Proportion—The number of cases in a category divided by the total number of cases across all categories of a variable.
Percentage—The proportion multiplied by 100 (or the number of cases in a category divided by the total number of cases across all categories of a value times 100).
Ratio—The number of cases in one category to the number of cases in a second category.
A researcher selects a sample of 100 students from a Head Start program. The sample includes 20 White children, 30 African American children, 40 Hispanic children and 10 children of mixed-race/ethnicity.
Proportion of Hispanic children in the program = 40 / (20+30+40+10) = .40.
Percentage of Hispanic children in the program = .40 x 100 = 40%.
Ratio of Hispanic children to White children in the program = 40/20 = 2.0, or the ratio of Hispanic to White children enrolled in the Head Start program is 2 to 1.
Proportions, percentages and ratios are used to summarize the characteristics of a sample or population that fall into discrete categories. Measures of central tendency are the most basic and, often, the most informative description of a population's characteristics, when those characteristics are measured using an interval scale. The values of an interval variable are ordered where the distance between any two adjacent values is the same but the zero point is arbitrary. Values on an interval scale can be added and subtracted. Examples of interval scales or interval variables include household income, years of schooling, hours a child spends in child care and the cost of child care.
Measures of central tendency describe the "average" member of the sample or population of interest. There are three measures of central tendency:
Mean—The arithmetic average of the values of a variable. To calculate the mean, all the values of a variable are summed and divided by the total number of cases.
Median—The value within a set of values that divides the values in half (i.e. 50% of the variable's values lie above the median, and 50% lie below the median).
Mode—The value of a variable that occurs most often.
The annual incomes of five randomly selected people in the United States are $10,000, $10,000, $45,000, $60,000, and $1,000,000.
Mean Income = (10,000 + 10,000 + 45,000 + 60,000 + 1,000,000) / 5 = $225,000.
Median Income = $45,000.
Modal Income = $10,000.
The mean is the most commonly used measure of central tendency. Medians are generally used when a few values are extremely different from the rest of the values (this is called a skewed distribution). For example, the median income is often the best measure of the average income because, while most individuals earn between $0 and $200,000 annually, a handful of individuals earn millions.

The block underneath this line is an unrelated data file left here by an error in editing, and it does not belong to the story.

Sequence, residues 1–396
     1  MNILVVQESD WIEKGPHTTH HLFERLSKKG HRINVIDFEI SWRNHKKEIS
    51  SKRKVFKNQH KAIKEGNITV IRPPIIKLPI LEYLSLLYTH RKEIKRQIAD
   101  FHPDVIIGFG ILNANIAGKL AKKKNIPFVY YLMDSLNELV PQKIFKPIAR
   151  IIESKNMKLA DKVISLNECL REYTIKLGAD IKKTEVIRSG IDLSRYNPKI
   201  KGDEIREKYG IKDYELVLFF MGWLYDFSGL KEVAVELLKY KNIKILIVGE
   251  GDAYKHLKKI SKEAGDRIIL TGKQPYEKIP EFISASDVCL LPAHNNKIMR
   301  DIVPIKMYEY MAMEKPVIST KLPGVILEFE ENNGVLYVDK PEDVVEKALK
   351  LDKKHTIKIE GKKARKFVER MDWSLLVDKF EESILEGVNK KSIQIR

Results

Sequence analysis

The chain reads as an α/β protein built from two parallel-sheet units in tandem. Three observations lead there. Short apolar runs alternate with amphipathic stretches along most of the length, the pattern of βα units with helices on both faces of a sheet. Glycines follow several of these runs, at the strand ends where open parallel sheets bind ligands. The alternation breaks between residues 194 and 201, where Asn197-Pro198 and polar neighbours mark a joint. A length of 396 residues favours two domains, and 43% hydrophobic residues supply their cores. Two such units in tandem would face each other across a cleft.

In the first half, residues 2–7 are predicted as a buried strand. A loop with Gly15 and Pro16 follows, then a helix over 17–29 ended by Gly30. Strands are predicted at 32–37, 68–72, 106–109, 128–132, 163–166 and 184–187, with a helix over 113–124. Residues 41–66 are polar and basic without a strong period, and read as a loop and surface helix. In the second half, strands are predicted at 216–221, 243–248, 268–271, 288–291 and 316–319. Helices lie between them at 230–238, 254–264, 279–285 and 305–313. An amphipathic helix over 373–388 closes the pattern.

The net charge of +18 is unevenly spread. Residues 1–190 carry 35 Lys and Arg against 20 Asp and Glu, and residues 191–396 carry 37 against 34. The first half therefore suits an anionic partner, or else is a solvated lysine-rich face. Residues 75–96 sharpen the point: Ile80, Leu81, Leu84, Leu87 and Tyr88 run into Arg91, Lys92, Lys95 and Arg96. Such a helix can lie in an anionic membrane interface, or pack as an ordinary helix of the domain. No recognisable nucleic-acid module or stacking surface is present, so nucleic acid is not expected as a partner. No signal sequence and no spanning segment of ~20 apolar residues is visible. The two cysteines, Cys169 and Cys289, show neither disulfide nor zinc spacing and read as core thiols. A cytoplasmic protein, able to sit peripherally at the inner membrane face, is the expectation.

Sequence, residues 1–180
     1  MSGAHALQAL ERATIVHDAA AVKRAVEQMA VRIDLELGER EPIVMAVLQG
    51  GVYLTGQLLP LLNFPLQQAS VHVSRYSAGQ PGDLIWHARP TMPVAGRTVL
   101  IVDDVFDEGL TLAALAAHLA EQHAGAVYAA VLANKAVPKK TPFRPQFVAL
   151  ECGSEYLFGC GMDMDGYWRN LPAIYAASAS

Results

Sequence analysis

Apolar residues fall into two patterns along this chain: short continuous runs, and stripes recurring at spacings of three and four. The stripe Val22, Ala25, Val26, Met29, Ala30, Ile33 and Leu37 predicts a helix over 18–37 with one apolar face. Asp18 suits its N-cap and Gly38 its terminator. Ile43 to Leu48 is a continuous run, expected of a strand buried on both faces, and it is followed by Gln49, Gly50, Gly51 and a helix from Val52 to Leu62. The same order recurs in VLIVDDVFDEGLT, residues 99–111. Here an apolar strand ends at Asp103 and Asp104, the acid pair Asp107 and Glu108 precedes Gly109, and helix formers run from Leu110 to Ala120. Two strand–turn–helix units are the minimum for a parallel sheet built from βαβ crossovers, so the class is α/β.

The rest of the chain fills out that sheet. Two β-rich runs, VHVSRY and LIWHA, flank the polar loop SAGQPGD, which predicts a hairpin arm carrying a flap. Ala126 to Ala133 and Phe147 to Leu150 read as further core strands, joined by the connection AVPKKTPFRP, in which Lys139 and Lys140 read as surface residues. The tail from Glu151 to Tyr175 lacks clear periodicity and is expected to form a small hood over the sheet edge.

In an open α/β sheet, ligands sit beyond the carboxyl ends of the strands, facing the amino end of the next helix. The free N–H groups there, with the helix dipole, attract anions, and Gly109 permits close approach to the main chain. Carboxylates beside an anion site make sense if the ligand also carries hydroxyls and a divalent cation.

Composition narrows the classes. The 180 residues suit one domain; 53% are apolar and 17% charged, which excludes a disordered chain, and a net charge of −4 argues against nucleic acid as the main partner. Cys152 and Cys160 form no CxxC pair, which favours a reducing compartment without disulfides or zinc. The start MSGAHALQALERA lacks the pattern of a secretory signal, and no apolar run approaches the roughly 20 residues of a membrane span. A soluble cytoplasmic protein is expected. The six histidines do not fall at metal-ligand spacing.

Measures of dispersion provide information about the spread of a variable's values. There are three key measures of dispersion:
Range is simply the difference between the smallest and largest values in the data. Researchers often report simply the values of the range (e.g., 75 – 100).
Variance is a commonly used measure of dispersion, or how spread out a set of values are around the mean. It is calculated by taking the average of the squared differences between each value and the mean. The variance is the standard deviation squared.
Standard deviation, like variance, is a measure of the spread of a set of values around the mean of the values. The wider the spread, the greater the standard deviation and the greater the range of the values from their mean. A small standard deviation indicates that most of the values are close to the mean. A large standard deviation on the other hand indicates that the values are more spread out. The standard deviation is the square root of the variance.
Five randomly selected children were administered a standardized reading assessment. Their scores on the assessment were 50, 50, 60,75 and 90 with a mean score of 65.
Range = 90 - 50 = 40.
Variance = [(50 - 65)2 + (50 - 65)2 + (60 - 65)2 + (75 - 65)2 + (90 - 65)2] / 5 = 300.
Standard Deviation = Square Root (150,540,000,000) = 17.32.
Skewness and Kurtosis
The range, variance and standard deviation are measures of dispersion and provide information about the spread of the values of a variable. Two additional measures provide information about the shape of the distribution of values.
Skew is a measure of whether some values of a variable are extremely different from the majority of the values. Skewness refers to the tendency of the values of a variable to depart from symmetry. A distribution is symmetric if one half of the distribution is exactly equal to the other half. For example, the distribution of annual income in the U.S. is skewed because most people make between $0 and $200,000 a year, but a handful of people earn millions. A variable is positively skewed (skewed to the right) if the extreme values are higher than the majority of values. A variable is negatively skewed (skewed to the left) if the extreme values are lower than the majority of values. In the example of students' standardized test scores, the distribution is slightly positively skewed.
Kurtosis measures how outlier-prone a distribution is. Outliers are values of a variable that are much smaller or larger than most of the values found in a dataset. The kurtosis of a normal distribution is 0. If the kurtosis is different from 0, then the distribution produces outliers that are either more extreme (positive kurtosis) or less extreme (negative kurtosis) than are produced by the normal distribution.
Measures of association indicate whether two variables are related. Two measures are commonly used: